(ORDO NEWS) — In Mexico, archaeologists discovered a Mayan stele that turned out to be double. The National Institute of Anthropology and History (INAH) noted that such relief images on both sides of the stele are rare.
The find was made in the archaeological zone of Uxmal, located on the Yucatan Peninsula. Diego Prieto, General Director of INAH, noted that the stela with a bas-relief was found in the place where it was originally installed, that is, in the pre-Hispanic period.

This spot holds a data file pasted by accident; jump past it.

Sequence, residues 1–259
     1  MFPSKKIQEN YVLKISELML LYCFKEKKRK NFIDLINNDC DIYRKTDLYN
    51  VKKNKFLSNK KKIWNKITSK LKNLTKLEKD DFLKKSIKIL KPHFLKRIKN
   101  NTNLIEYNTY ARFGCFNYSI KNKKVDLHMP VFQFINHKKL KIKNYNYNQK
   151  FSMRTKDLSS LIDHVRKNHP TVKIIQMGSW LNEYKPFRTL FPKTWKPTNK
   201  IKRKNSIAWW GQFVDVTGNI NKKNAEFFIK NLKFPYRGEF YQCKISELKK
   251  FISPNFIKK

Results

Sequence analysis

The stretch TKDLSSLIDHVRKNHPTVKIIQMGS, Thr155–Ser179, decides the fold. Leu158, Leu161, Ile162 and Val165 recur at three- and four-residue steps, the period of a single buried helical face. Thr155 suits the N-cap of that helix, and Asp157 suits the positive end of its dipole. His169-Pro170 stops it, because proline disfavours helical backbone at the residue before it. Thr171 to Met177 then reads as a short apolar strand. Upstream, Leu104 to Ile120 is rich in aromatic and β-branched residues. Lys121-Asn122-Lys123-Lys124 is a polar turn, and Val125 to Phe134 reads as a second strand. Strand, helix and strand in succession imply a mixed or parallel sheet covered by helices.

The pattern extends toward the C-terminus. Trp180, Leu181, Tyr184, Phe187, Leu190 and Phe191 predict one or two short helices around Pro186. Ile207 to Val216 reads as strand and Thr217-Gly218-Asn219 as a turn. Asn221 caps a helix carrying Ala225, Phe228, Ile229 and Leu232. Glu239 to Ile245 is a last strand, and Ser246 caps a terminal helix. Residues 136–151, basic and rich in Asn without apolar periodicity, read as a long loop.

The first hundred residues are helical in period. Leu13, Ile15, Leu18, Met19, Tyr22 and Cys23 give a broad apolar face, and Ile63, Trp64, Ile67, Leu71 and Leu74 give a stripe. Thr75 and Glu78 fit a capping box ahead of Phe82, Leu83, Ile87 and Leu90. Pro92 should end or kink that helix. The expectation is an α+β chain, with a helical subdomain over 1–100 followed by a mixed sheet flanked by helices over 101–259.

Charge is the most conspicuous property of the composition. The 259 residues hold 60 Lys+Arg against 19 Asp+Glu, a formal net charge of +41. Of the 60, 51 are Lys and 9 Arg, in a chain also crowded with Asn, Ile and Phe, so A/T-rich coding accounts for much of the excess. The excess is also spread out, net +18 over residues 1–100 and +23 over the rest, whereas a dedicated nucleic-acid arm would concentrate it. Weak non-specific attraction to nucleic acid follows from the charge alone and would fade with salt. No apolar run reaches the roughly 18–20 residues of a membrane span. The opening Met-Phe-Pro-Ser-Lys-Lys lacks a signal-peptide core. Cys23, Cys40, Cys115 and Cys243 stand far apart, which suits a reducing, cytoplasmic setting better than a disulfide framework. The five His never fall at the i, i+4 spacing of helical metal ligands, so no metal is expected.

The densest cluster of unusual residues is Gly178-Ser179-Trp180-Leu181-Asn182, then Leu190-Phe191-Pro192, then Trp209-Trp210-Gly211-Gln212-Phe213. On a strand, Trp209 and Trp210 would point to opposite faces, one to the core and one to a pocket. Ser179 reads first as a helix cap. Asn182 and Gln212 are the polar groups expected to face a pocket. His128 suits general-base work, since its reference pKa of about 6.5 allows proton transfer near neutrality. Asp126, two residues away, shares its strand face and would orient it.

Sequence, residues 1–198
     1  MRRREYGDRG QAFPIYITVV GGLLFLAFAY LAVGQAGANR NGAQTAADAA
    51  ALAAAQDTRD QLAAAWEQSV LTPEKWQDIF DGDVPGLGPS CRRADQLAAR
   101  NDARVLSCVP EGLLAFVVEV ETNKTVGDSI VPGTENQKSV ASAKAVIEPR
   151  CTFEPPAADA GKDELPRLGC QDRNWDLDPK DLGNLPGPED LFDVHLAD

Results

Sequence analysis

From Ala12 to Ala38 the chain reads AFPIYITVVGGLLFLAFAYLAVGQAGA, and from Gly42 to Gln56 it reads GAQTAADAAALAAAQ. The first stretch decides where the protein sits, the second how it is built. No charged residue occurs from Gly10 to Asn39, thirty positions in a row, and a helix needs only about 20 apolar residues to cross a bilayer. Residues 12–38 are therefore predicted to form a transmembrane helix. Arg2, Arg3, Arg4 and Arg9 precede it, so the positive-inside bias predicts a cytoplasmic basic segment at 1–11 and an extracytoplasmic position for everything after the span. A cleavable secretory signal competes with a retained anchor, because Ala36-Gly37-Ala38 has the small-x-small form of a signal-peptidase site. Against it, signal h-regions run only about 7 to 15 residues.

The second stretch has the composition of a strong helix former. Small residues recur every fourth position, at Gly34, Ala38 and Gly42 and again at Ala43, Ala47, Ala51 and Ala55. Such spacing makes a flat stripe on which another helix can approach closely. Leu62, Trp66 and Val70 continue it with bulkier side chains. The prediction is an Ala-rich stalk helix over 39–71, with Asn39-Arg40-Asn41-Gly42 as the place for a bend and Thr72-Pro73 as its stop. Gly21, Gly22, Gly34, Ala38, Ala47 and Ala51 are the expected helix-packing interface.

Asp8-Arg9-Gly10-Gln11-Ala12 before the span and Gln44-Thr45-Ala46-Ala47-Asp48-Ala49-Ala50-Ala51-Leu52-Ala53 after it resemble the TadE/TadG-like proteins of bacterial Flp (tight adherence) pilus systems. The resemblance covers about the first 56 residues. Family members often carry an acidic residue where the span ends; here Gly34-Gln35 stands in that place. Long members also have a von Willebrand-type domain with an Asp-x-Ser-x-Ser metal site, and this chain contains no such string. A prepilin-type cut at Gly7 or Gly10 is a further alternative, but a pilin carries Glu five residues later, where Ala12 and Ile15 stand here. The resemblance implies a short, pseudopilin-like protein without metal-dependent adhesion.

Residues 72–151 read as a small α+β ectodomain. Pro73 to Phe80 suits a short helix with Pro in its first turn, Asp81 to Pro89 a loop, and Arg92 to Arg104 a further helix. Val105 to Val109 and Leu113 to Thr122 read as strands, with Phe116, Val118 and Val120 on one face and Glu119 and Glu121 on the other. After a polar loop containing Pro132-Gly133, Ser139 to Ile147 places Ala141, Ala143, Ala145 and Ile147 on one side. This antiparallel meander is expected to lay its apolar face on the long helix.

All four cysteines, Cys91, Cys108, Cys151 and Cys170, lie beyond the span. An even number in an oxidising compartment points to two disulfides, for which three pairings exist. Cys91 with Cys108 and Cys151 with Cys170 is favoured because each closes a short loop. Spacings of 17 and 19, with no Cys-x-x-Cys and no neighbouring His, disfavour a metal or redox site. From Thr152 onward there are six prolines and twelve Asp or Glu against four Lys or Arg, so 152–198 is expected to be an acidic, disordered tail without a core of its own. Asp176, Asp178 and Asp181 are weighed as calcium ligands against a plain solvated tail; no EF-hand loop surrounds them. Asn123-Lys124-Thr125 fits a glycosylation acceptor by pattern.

One side of the stele faces north, the other faces south. On the north side is a goddess with large eyes and a breastplate with three rows of pearls.
She wears a toe-length mesh skirt, and in her hands she holds a symbol of power – a quetzal. Archaeologists believe that this goddess may speak of death, as the neighboring city of Puuk had similar beliefs.
On the south side of the stele, a male deity is depicted in a headdress with feathers and an owl’s head.
The deity also has bracelets and bandages on his legs, and a mesh cloak on his shoulders. Archaeologists do not know what kind of creature this is, and what it can talk about.
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